Turkey looks to Germany in improving controversial secret witness system

Turkey looks to Germany in improving controversial secret witness system

The Turkish government has stepped into action to amend controversial aspects of the much-debated “secret witness” system by taking German practices into consideration.

The Interior and Justice Ministries have launched studies tackling how to adapt Turkish regulations into the German system, aiming to avert speculations about the system that earned legal basis in 2008, parallel with Ergenekon investigations, as the daily Milliyet reported.

The secret witness practice has been accused of being unlawful by a number of lawyers, particularly during coup cases such as Balyoz and Ergenekon. The protection of the suspect’s identity stirred doubts about their trustworthiness, being one of the many controversial legal practices in the cases.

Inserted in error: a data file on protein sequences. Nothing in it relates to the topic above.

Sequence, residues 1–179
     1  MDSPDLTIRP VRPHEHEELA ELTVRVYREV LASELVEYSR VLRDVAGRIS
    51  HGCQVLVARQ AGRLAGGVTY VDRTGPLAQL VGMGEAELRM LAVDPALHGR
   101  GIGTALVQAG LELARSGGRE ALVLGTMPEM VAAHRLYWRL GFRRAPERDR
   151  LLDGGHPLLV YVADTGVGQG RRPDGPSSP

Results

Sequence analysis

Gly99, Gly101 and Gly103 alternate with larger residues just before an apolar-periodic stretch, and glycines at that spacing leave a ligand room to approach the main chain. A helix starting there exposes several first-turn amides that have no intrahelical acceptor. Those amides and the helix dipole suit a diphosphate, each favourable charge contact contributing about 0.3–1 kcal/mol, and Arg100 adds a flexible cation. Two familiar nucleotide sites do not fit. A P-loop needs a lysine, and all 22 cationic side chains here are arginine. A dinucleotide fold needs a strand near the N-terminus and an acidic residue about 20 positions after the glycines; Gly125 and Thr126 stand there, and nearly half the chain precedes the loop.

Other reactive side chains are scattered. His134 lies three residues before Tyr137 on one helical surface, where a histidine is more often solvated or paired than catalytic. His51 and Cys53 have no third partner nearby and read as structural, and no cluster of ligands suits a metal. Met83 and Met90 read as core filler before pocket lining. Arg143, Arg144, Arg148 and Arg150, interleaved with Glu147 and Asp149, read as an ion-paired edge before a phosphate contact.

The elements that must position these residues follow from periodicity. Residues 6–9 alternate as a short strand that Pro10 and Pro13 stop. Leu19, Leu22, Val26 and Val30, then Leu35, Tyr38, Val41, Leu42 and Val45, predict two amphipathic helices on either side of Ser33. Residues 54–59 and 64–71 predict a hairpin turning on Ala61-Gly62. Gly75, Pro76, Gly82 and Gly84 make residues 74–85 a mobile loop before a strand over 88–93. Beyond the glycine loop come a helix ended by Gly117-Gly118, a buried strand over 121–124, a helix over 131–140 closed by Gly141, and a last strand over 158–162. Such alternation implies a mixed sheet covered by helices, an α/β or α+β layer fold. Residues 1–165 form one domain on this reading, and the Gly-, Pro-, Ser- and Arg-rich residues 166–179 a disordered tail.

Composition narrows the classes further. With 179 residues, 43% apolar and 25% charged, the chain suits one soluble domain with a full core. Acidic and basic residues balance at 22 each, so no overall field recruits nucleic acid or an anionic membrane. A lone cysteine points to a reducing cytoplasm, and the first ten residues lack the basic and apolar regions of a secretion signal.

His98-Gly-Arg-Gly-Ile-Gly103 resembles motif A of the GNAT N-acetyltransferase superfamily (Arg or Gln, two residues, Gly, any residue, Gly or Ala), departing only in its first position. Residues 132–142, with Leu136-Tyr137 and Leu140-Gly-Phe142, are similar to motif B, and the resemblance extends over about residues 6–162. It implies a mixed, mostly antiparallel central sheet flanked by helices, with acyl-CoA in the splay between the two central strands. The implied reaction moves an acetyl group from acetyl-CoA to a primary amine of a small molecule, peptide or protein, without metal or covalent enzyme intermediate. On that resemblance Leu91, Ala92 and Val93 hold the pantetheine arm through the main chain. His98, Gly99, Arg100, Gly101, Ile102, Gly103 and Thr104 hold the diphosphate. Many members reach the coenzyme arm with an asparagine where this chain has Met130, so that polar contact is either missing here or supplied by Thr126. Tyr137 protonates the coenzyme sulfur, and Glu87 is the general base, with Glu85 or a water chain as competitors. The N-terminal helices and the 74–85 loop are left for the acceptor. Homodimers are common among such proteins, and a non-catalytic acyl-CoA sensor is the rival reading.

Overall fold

The German system, taken as a model by Turkish authorities, would help to overcome the majority of trust issues as defense lawyers are allowed to be present at every stage of the secret witnesses’ testimonies, including the prosecution phase. Pressure on secret witnesses would be also eased with the system.

The ministries will seek to rehabilitate the system by harmonizing it with the German example, as part of the EU Twinning Projects.

Within the framework of the 1 million euro Twinning Project, German experts working for the secret witness program in their country will train their Turkish counterparts employed by the Police Department, Gendarmerie forces and the Justice Ministry.

During the first stage of the program, 240 officers will be trained in six-month periods.
Because of these trainings, as well as the technical equipment support that will be provided, the Turkish secret system will resemble German one.

In the second phase of the program, Turkey will purchase technical hardware, particularly to be used at the judiciary stage.